WASHINGTON — The Supreme Court on Monday rejected a long-shot appeal from the Washington Redskins challenging a law that bars offensive trademarks, although the justices could still resolve the same issue in another pending case.
The court turned away the team’s unusual request to have its case heard before a federal appeals court in Richmond, Virginia, weighs in. The Redskins are appealing the government’s decision to cancel its trademarks over concerns the nickname disparages Native Americans.
Redskins spokesman Tony Wyllie said the team would not comment.
In a separate case, the justices will decide whether the trademark law violates the First Amendment. That case involves The Slants, an Asian-American rock band that was denied a trademark on the ground that its name disparages Asians.
A federal appeals court sided with the band. The Redskins wanted both cases heard together.
Both the team and the band argue that it is unconstitutional for the government to reject trademark rights for offensive speech.
Band member Simon Tam has said he wanted to transform a derisive term about the shape of Asian eyes into a statement of ethnic and cultural pride. The Redskins have similarly claimed their name honors Native Americans, but the team has faced years of legal challenges from Indian groups that say the name is racist.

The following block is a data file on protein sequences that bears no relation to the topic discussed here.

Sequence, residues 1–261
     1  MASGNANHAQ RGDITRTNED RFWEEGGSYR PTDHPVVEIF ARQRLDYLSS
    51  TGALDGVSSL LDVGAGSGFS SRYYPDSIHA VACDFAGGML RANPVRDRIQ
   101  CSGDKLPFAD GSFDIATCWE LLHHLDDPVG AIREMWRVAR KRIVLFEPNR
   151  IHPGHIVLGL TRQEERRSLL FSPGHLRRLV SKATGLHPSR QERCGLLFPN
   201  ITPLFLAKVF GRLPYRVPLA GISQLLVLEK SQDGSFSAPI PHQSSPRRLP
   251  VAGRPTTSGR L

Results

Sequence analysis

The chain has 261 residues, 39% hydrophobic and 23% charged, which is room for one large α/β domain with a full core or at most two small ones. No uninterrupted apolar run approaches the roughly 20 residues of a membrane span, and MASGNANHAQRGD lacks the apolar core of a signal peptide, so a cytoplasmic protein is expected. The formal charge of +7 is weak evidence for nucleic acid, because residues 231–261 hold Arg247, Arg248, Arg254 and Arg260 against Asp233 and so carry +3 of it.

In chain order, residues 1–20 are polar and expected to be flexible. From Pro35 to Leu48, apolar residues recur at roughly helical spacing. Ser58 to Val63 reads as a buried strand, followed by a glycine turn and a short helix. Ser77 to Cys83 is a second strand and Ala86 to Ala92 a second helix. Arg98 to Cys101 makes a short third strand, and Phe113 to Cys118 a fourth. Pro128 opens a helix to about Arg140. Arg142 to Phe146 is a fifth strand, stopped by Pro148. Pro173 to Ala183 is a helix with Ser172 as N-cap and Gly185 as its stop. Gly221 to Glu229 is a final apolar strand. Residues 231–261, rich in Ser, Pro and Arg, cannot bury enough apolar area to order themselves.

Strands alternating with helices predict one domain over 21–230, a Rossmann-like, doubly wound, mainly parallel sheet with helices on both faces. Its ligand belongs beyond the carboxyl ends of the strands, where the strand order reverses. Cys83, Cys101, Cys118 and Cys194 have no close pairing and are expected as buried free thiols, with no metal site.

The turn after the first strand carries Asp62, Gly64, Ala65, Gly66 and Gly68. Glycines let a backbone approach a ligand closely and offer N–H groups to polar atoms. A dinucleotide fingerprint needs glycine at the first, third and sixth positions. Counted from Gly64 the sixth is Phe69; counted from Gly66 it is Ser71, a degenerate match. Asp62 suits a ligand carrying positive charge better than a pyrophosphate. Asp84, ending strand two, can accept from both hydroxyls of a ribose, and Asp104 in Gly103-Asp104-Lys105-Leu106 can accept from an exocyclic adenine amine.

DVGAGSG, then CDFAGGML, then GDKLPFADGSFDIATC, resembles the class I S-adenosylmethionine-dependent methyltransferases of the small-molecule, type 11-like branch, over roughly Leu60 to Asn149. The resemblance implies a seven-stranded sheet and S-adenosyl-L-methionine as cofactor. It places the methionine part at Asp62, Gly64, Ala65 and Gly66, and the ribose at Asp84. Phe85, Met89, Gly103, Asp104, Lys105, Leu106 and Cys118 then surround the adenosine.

Despite a lot of attention to the nickname and public pressure to change it, Redskins owner Dan Snyder has said he never would agree to a switch.
Even without trademark protection, the Redskins can continue using their nickname. But the team could lose money by being unable to block the sale of counterfeit merchandise by suing competitors that infringe on the trademark.
The team registered six trademarks including the name from 1967 to 1990.
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